My post projecting the possible outcome of the remaining Democratic contests has provoked a lot of commentary, most of it—pro and con—quite thoughtful. As I explained, I was making projections that were optimistic from Hillary Clinton's point of view, and I found, to my surprise, that the results showed Clinton ahead of Obama in popular votes (whether Florida, Michigan, and imputed caucus results for four states were included or not) but Obama still ahead in delegate votes.
Some commenters have argued that I was too optimistic (again, from the Clinton point of view). I'm not convinced. Remember that I was projecting the percentage of the two-candidate vote for each candidate. I projected a 60 percent to 40 percent win for Clinton in Pennsylvania. Current RealClearPolitics.com average poll numbers show her leading the two-candidate vote 57 percent to 43 percent. I projected a 55 percent to 45 percent win for Obama in North Carolina. Current RealClearPolitics.com average poll numbers show him leading the two-candidate vote 57 percent to 43 percent. Current polls may be off, or those currently undecided could swing heavily to one candidate, or turnout may be heavier among Obama than among Clinton voters. But I think my estimates are defensible as outcomes that are possible.
I've also been criticized for projecting that Clinton would carry Indiana and that she would carry Kentucky and West Virginia by wide margins. As I explained, I was influenced in all three cases by the wide margins—75 percent to 80 percent of the two-candidate vote—Clinton won in many southern Ohio counties. These counties, I think, look and feel a lot like southern Indiana and most of Kentucky and West Virginia. My projections that Clinton would get 60 percent in Indiana, 65 percent in Kentucky, and 70 percent in West Virginia may be high. And don't be distracted by talk that most of Indiana gets Chicago media, which has been full of positive news about Obama for nearly four years. Only the northwest corner of the state does—about two congressional districts out of nine. Hoosiers elsewhere in the state don't take their lead from Chicago. And some of the Chicago news about Obama has been negative—the Tribune and Sun-Times have covered Tony Rezko much more than other media.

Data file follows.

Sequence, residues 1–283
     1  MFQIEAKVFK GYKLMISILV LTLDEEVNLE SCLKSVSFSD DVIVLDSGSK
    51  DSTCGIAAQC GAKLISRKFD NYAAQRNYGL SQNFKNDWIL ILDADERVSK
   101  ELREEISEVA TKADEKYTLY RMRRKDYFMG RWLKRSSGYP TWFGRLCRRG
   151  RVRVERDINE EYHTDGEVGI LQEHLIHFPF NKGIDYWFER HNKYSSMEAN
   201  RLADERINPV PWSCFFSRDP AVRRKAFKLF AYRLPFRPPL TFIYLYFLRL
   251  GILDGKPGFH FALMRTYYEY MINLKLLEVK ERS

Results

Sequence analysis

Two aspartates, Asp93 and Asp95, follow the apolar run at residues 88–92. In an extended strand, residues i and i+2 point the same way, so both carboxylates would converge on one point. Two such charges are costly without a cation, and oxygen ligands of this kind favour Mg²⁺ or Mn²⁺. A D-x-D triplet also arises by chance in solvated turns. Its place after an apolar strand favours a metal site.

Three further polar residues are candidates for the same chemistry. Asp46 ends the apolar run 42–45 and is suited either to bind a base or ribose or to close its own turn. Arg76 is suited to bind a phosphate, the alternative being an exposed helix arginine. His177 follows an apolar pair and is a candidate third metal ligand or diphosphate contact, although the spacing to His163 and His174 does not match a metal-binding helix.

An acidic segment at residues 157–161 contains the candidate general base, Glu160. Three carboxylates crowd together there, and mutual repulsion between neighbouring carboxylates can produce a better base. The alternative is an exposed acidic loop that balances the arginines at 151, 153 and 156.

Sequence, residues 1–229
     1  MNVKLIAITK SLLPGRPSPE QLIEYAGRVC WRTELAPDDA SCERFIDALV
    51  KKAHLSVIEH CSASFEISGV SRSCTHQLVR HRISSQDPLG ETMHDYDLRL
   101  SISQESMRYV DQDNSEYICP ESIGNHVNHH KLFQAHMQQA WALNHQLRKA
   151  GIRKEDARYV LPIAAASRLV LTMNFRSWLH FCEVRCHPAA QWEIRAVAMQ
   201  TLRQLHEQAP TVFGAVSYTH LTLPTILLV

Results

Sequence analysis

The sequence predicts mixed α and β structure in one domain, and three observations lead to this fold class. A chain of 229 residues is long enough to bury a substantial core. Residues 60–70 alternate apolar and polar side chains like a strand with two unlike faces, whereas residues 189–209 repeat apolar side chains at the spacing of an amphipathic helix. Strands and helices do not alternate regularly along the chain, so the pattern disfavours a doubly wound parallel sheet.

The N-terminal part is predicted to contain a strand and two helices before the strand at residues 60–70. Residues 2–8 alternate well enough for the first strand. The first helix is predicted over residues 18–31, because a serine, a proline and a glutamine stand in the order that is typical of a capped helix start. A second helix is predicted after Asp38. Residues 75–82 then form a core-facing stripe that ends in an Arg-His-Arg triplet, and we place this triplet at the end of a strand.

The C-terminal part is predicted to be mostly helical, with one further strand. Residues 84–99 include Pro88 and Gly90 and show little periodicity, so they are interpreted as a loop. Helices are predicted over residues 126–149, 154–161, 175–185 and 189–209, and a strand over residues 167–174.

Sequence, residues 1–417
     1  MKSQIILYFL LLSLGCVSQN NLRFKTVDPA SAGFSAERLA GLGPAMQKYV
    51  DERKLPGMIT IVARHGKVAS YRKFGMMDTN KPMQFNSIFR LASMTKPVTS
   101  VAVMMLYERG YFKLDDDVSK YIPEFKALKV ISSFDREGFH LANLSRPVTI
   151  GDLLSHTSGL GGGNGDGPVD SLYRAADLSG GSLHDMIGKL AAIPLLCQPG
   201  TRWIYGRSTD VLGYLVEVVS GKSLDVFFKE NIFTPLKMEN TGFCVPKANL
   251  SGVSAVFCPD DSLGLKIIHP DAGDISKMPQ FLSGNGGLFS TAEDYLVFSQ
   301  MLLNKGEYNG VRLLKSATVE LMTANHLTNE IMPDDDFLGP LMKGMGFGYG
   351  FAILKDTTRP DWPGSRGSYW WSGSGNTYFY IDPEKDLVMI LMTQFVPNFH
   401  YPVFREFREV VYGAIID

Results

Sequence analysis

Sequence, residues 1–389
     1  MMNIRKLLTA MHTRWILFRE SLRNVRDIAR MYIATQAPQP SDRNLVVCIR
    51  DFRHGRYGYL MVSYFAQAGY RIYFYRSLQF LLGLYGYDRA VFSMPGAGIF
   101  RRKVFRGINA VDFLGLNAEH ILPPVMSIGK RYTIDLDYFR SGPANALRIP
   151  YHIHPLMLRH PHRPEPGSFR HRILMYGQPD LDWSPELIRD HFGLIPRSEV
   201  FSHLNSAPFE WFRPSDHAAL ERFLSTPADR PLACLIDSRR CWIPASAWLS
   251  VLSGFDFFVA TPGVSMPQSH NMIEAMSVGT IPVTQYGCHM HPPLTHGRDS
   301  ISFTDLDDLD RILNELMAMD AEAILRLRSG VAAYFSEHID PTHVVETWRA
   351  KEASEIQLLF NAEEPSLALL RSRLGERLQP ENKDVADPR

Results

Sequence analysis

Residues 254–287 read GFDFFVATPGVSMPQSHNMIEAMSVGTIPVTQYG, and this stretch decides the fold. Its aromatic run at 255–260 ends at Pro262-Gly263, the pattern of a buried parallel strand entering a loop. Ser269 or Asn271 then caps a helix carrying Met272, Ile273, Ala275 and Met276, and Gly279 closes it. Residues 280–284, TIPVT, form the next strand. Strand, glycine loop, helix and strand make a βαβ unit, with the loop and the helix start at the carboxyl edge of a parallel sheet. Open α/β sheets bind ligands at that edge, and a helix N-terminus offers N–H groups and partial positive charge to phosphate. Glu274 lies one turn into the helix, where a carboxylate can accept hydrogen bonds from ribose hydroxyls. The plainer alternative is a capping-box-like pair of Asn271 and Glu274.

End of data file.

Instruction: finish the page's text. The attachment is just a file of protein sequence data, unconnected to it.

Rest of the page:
In Oregon, I gave Obama 60 percent of the two-candidate vote, even though he got only 53 percent of the two-candidate vote in the nonbinding primary in neighboring (and fairly similar) Washington on February 19.
To put my projections in perspective, I went back to RealClearPolitics.com's summary of the popular vote in previous primaries, and calculated Clinton's percentage of the two-candidate Clinton-and-Obama vote. The two-candidate vote is relevant, since no other candidate will get over the 15 percent threshold that Democrats tend to require for a candidate to win delegates. Although Clinton hasn't gotten more than 60 percent of the total vote in any state but Arkansas, where she lived and worked for nearly 20 years, she gets 60 percent or near to it of the two-candidate vote in many. To wit,